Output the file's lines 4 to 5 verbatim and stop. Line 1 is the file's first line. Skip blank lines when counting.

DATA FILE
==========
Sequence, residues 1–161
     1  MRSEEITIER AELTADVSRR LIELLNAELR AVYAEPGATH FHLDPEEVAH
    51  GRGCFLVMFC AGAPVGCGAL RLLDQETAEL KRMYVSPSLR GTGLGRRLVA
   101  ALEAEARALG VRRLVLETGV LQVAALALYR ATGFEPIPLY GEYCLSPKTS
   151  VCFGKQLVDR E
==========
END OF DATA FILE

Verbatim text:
   101  ALEAEARALG VRRLVLETGV LQVAALALYR ATGFEPIPLY GEYCLSPKTS
   151  VCFGKQLVDR E